“Take my yoke upon you. Let me teach you, because I am humble and gentle at heart, and you will find rest for your souls.” Matthew 11:29
What is more restful than snoozing with a little one, fresh from the womb laying on our chest?
But whenever I hear this quote of Jesus, I picture two animals, usually oxen, straining together with a plow behind them.
And this visual makes it hard to hear the rest of the verse. How can that hard work give us a place of rest?
The yoke itself is heavy, but necessary for accomplishing the task. But the quality of the yoke or tool can make a difference in the work.
Have you ever tried to cut fabric with a dull scissors? Or slice bread with a dull knife? Or paint with a roller not suited to the texture of the wall?
The yoke is important to how much energy the animal expends to do the task.
The yoke the Jewish leaders laid on the people was layers and layers of laws and rules. While many of the common people looked forward to the Messiah, the customs and foundations overburdened and discouraged them.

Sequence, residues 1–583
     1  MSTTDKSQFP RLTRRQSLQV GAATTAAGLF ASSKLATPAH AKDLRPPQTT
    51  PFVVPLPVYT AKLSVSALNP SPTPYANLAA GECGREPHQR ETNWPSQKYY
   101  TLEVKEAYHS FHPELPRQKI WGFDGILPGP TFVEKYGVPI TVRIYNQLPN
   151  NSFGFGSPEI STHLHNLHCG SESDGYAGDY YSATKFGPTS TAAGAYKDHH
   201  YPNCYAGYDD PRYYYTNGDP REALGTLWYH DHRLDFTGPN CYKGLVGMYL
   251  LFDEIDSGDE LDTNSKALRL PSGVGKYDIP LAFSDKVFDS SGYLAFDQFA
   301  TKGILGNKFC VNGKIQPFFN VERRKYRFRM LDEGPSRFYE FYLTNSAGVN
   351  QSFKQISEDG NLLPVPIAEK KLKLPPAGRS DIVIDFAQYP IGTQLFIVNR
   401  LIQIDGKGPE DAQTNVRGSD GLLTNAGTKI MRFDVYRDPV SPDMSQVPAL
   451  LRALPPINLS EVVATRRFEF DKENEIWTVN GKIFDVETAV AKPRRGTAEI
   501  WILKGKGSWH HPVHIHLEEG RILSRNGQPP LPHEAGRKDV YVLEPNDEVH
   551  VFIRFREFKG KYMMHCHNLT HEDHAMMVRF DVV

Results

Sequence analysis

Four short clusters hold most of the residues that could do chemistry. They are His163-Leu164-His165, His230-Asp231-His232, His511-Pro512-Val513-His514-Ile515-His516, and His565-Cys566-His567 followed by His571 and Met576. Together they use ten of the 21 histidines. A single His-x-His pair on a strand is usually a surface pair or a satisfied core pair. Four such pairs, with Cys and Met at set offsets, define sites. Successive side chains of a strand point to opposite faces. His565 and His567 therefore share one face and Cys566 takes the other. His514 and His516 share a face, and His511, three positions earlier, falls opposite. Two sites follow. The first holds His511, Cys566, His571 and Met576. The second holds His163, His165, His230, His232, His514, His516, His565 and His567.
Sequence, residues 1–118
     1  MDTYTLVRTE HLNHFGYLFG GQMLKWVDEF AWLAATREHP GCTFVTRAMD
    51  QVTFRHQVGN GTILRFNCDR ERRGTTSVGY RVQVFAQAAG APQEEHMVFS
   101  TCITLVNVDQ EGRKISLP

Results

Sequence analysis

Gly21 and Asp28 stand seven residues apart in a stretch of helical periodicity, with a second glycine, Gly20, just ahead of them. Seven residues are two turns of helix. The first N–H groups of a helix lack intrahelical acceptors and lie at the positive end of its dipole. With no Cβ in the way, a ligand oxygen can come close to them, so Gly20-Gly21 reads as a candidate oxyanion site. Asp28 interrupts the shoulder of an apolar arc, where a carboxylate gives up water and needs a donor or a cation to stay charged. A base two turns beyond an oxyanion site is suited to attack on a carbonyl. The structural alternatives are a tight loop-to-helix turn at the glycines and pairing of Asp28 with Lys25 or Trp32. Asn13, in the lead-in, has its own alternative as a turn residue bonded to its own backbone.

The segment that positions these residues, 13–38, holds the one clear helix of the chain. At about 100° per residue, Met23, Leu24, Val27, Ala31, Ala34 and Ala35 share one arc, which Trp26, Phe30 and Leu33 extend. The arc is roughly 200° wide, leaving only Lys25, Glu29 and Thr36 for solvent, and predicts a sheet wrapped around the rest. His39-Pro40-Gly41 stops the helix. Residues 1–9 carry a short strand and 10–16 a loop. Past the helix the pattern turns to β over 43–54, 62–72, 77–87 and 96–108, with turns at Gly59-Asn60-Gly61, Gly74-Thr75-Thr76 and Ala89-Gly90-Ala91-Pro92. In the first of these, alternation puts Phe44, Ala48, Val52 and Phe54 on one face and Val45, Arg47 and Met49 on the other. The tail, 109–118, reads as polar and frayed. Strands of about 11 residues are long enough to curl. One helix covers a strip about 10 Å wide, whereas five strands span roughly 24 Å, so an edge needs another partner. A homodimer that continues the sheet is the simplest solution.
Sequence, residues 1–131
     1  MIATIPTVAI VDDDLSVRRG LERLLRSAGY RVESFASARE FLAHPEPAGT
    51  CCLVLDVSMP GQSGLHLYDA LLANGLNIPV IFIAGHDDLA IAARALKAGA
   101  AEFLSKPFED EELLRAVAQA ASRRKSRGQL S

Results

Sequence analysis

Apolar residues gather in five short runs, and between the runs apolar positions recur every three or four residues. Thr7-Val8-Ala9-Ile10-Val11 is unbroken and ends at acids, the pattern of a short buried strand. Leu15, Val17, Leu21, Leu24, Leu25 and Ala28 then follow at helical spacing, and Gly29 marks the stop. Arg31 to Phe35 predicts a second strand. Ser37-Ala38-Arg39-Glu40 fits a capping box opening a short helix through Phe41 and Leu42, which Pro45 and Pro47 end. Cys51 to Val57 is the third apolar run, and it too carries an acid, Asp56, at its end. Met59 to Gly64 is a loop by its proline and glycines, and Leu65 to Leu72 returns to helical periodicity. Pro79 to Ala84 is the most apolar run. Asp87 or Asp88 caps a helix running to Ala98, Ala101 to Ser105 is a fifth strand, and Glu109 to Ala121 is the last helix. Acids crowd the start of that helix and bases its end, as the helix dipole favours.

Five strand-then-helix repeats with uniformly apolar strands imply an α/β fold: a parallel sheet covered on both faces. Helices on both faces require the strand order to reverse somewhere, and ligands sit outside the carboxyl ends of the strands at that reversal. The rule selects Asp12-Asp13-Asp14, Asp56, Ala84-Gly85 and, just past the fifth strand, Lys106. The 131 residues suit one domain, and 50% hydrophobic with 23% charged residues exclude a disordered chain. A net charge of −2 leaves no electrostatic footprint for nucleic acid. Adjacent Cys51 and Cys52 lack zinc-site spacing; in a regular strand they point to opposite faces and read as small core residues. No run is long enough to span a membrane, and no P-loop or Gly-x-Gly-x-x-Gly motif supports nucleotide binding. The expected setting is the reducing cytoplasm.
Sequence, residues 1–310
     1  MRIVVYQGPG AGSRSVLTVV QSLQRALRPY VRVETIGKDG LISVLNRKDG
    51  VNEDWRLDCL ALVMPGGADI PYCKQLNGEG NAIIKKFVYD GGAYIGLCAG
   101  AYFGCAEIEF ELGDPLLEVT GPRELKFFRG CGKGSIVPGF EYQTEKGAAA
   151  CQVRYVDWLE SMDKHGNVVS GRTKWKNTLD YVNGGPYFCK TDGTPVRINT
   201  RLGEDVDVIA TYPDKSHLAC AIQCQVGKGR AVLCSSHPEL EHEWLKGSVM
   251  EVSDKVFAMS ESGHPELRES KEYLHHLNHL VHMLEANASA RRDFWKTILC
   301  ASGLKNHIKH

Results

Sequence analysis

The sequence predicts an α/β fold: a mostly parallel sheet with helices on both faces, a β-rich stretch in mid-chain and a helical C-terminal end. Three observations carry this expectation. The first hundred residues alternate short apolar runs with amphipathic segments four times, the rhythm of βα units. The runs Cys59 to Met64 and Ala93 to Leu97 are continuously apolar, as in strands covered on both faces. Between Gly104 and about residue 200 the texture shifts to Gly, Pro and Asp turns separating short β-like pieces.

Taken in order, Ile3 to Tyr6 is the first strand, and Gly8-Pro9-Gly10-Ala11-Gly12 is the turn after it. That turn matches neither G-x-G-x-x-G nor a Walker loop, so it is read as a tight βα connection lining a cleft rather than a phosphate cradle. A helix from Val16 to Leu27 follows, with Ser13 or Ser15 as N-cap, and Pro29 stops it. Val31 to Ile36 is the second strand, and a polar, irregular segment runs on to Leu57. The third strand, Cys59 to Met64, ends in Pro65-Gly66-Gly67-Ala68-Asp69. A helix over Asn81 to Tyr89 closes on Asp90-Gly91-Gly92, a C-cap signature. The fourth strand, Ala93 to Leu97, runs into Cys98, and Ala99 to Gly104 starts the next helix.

Sacrifices cut into their already meager existence.
“Clean” was determined by not doing some tasks that were part of daily life.
Strict enforcement of Sabbath rules were strait jackets rather than restful practice.
As Jesus explained how His ministry was a fulfillment of John the Baptist’s work, Jesus demonstrated a release from disease, hunger, and spiritual darkness. His loving acts, and gentle compassion introduced a new style of yoke.
A yoke that connected the people to God the Father.
A yoke that led to intimacy with God through Jesus.
The promise of rest.
The yoke is still there, not as a burden, but as a foundation to base our lives on, the tool that helps us
cut out the excess,
slice into useable portions,
effectively refresh the dingy old ways,
lets us rest on the Father’s lap.
I need the yoke to guide my days, but Jesus is the yoke and He is gentle and humble.
Rather than rule after rule, his instruction is “And you must love the Lord your God with all your heart, all your soul, all your mind, and all your strength.’ The second is equally important: ‘Love your neighbor as yourself.’ No other commandment is greater than these.” Mark 12:30,31
As we begin Advent, take this yoke, this foundation, as you prepare your heart for welcoming Jesus into the world.